There is a scene in the latter half of the video that embodies the notion that The Carters have singled themselves out as deviations from the larger Black community. A Black woman stands atop a Black man and combs his hair with an afro pick as he sits in front of the Mona Lisa (“The Carters” 00:05:21-00:05:23). The Mona Lisa is the most famous portrait in the world and this shot exists to say that doing Black hair is also venerated art, and that this practice, usually relegated to salons and houses, is worthy of being performed in this space. However, why isn’t Beyonce combing Jay-Z’s hair? Why did they put dancers in their places? It perpetuates the notion that they adhere to respectability politics and while they celebrate and respect these practices within the Black community, they do so from a distance. Once again, they prove that they are not representative of the average Black person and that their project serves to isolate themselves and celebrate Blackness generally, and not decolonize the museum space.
As The Carters boast around the museum, when the camera isn’t on them or the dancers, it focuses on depictions of Black bodies in paintings. For a singular second at the end of the video, the camera hangs on the Portrait of a Black Woman painted by Marie-Guillemine Benoist to celebrate the presence of Black bodies in the Louvre (“The Carters” 00:05:37-00:05:38). According to the distinguished Louvre’s website, the model Benoist chose was an unknown Black woman and former slave, and this art was deemed a stand in support of the abolition of slavery (“Beyoncé and Jay-Z’s”). The close up shot of the painting clearly intended to emphasize how this portrait of a Black woman was an accomplishment, as a free Black woman was being showcased in the Louvre. However, someone who intends to decolonize the museum would first ask why this woman was deemed unknown. Who does she descend from? Was she compensated for this depiction of her likeness? Did the title always include, “Black Woman” or was she originally referred to as a slur? While the “Apeshit” project was a music video, there are still ways in which these questions could have been posed to audiences, or there could have at least been ways to make audiences process these inquiries. For instance, the camera could have zoomed in on the label of the painting, and held on it for more than a single second to have the audience question and research the title of the piece. The camera could have used an arc shot, or started from a wide shot and gradually zoomed in to the piece, to draw the focus of audiences and signify something twisted about the creation of this portrait. Digitally, the art subject’s head could have been circled, or a large question mark could have been plastered across the image. Later in the video there is a shot of The Wedding Feast at Cana, a painting of a biblical scene, and the camera focuses on the Black woman serving food within the piece (“The Carters” 00:04:29). However, her image is incredibly small and hard to locate even within the shot. These shots insinuate that depictions of Black people within this art is an honor, however, in considering the time period and difference in garb that these individuals have, they were clearly enslaved. Individuals that sought to decolonize this space would have instead exposed how colonization played a role in these art pieces and not just showcased them and considered their presence in the Western space to have been an accomplishment.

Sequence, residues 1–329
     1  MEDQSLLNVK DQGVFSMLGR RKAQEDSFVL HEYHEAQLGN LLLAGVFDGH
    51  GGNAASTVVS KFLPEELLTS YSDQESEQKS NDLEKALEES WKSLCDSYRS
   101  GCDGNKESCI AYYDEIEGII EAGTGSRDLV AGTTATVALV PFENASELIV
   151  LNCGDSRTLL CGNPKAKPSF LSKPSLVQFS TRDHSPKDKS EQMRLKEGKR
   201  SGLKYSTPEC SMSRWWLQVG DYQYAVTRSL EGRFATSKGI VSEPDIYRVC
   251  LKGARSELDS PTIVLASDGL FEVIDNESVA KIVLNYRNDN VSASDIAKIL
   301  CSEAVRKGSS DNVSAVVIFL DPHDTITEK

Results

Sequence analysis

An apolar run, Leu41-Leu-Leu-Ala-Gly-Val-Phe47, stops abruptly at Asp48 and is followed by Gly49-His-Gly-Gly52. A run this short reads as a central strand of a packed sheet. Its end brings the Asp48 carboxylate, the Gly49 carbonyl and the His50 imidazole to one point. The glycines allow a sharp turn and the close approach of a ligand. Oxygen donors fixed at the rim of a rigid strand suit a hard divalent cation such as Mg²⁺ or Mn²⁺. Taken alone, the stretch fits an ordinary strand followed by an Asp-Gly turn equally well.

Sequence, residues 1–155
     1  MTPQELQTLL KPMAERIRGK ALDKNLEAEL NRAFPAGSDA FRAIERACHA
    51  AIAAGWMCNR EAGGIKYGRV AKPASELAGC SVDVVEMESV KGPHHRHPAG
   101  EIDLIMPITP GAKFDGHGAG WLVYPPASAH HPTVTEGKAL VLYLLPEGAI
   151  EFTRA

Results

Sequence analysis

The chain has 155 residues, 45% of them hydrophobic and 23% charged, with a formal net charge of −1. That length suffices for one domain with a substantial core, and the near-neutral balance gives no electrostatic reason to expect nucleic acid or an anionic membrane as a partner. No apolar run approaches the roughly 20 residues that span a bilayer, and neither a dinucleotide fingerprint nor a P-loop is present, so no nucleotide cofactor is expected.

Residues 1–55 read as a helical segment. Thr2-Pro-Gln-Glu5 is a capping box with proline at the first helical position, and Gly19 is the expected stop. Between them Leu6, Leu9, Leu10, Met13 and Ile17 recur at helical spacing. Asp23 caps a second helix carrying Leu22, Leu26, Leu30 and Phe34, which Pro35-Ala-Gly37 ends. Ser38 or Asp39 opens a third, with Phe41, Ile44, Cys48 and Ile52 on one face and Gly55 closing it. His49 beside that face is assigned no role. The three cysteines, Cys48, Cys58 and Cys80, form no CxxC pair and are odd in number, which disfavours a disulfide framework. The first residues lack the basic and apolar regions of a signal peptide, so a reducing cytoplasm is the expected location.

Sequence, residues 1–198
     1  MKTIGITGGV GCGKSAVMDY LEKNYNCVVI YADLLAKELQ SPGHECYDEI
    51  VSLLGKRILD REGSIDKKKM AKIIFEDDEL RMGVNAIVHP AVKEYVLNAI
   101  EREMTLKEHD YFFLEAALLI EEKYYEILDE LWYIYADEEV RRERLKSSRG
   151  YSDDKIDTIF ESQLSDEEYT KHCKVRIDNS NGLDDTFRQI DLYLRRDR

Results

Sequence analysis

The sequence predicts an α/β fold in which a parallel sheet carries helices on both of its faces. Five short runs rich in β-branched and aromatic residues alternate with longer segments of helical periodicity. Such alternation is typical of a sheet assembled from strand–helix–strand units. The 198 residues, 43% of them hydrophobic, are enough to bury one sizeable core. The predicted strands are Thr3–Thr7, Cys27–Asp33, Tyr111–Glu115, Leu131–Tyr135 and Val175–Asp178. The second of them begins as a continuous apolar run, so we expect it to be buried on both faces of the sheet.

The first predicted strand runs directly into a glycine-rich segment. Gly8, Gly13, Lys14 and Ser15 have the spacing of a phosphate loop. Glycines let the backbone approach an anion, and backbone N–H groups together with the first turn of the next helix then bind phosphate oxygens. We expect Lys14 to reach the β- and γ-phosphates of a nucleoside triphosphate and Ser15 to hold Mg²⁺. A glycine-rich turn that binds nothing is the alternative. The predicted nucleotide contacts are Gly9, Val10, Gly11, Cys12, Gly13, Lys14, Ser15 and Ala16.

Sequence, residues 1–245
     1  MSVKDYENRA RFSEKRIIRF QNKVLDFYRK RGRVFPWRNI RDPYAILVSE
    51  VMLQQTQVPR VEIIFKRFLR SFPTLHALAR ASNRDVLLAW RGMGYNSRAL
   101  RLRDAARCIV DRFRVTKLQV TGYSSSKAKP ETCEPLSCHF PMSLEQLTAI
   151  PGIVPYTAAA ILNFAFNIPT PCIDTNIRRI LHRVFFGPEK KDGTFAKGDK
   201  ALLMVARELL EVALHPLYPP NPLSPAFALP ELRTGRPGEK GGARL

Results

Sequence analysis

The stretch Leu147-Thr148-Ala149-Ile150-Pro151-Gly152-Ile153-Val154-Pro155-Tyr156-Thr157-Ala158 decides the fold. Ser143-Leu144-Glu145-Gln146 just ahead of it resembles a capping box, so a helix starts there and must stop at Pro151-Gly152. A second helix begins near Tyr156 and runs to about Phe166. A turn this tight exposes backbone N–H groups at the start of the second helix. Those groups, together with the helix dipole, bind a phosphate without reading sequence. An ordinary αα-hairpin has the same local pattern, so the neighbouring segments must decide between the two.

While the “Apeshit” project did an incredible job of praising and showcasing Blackness in the Louvre, it did not decolonize the museum. As Vawda discusses, to decolonise is to admit what
colonization meant for these museum spaces, and not simply display or highlight elements of colonization (Vawda 74). Instead, The Carters flaunt their affluence and transform into Black tokens that ultimately perpetuate Black elitism and further the notion that their wealth and stature as artists granted them entry into the museum, and that they did not barge in unannounced to make a grandiose anti-colonialist statement. They portray themselves as exceptions from the larger Black community which thwarts the message of the video to be about them and not decolonization. Moreover, the couple showcase Black bodies present in art within the museum but fail to take the further step of decolonizing those individuals, art labels, and artists. This was not an act of rebellion, but a simple renting of a museum that those with a level of wealth above a certain threshold can afford to attain.